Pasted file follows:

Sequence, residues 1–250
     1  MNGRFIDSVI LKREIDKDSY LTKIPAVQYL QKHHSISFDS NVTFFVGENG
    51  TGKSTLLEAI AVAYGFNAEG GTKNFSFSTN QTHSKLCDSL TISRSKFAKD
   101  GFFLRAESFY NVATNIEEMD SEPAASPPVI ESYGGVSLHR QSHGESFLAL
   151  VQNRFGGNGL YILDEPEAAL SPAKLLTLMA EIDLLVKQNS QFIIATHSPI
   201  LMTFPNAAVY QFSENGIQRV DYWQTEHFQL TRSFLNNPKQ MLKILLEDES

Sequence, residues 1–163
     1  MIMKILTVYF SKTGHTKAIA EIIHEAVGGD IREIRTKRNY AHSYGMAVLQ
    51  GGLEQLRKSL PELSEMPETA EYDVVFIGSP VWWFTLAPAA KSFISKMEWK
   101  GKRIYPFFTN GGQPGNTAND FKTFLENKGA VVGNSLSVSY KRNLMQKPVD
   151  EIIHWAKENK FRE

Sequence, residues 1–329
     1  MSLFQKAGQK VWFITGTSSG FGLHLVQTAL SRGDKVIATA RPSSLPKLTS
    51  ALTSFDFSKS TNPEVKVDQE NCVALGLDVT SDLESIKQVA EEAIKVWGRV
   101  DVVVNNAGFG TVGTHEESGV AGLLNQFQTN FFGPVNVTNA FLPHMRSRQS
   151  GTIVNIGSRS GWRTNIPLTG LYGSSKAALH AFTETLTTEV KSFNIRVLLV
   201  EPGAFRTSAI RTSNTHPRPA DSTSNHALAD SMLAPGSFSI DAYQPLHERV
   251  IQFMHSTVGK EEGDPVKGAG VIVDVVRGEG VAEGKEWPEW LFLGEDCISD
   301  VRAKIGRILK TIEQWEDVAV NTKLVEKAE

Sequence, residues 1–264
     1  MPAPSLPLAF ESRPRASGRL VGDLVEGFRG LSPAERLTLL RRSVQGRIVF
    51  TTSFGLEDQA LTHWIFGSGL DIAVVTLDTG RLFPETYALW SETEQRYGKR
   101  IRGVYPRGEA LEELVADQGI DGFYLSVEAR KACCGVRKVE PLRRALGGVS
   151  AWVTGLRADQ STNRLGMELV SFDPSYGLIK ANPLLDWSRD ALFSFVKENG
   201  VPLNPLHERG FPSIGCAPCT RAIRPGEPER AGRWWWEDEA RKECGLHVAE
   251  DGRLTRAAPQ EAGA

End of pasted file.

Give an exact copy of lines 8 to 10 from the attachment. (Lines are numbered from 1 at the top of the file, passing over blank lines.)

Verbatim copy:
     1  MIMKILTVYF SKTGHTKAIA EIIHEAVGGD IREIRTKRNY AHSYGMAVLQ
    51  GGLEQLRKSL PELSEMPETA EYDVVFIGSP VWWFTLAPAA KSFISKMEWK
   101  GKRIYPFFTN GGQPGNTAND FKTFLENKGA VVGNSLSVSY KRNLMQKPVD